The business world is all abuzz about business process improvement and re-engineering (BPR). The quest for more and more accurate business process analysis tools and methodologies is leading businesses in all phases of development growth to focus on process solutions. But one has to stop and ask: When does process trump purpose?
The economic downturn precipitated a maniacal emphasis on business process improvement and Six Sigma objectives. Without increasing revenue opportunities and new product development, American management turned to “verifiable” work strategies that would yield reliable margin improvement. Gone were the business developers; gone were the product managers; and gone were the strategists who asked the tough questions of “Who cares?”.
As Middle America would say “the chicken has come home to roost”. We are suffocating in Process and documentation. The necessity for a business process regardless of the result of the process has become the new objective. The short-term, rapidimplementation of a process, especially one which has the attention “du-jour” and imagination of management (e.g., Marketing Management Systems, Funnel Management, etc.) is more important than the agile, adaptive approach to Achieving The Goal. Following a process without asking the question of whether it efficiently contributes to the goal is tantamount to belonging to a cult. Follow and don’t ask what it is for!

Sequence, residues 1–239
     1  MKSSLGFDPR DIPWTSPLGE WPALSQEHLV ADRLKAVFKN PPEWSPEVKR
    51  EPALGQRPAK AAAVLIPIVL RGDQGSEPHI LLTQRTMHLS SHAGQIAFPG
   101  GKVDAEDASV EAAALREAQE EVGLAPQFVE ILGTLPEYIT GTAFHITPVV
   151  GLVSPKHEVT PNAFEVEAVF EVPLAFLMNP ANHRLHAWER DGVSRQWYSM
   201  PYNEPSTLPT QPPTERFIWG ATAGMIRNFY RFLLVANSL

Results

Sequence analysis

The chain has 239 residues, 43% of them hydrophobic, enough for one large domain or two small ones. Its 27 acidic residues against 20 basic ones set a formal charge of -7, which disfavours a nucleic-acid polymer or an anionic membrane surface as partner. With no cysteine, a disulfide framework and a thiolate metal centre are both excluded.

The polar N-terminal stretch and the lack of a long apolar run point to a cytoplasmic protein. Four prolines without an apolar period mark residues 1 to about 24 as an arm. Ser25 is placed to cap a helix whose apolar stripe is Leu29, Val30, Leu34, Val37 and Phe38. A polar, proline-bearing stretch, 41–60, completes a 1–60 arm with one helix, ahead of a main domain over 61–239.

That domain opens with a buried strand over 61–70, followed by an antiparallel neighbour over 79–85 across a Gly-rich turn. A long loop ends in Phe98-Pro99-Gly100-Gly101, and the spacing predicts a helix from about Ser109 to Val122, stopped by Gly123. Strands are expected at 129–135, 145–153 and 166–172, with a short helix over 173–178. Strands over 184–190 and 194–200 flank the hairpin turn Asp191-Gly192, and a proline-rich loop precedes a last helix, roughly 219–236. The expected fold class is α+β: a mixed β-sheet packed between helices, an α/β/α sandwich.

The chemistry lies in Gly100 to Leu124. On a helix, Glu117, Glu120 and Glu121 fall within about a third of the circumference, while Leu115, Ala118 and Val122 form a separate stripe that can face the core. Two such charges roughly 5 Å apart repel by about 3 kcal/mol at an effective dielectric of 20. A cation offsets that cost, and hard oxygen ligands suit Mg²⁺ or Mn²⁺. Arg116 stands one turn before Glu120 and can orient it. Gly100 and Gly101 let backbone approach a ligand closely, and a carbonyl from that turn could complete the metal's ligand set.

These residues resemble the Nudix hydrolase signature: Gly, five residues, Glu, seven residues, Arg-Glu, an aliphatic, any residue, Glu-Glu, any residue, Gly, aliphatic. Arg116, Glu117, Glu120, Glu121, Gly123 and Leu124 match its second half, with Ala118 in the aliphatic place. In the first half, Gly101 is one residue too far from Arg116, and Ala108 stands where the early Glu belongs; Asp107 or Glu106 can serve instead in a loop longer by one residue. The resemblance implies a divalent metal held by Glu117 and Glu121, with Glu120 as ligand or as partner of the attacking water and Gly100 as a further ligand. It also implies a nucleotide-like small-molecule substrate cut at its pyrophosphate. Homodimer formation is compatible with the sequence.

This leaves very little room for innovation.
Of course a business process is extremely important. No more so than in businesses that have entered a growth phase of maturity. But I submit that process can kill a start-up prematurely. process can interfere with customer learning and adaptation. Process can depress critical questioning necessary to produce market insight. And process can disassociate those closest to the customer from seeing and feeling the important clues to creating a lasting value proposition. Think of the times you have watched service people at your car dealership or the local DMV or airline baggage claim “implement” the process to the exclusion of solving the problem. Or for that matter, take the time to listen to your perspective.
Flexibility and adaptation breeds early success. Process streamlines the growth of that success. Knowing when to limit the “business process engineers” is as equally important as knowing when to limit the “big idea” strategists. Both are critical and both must “stay in their lane”.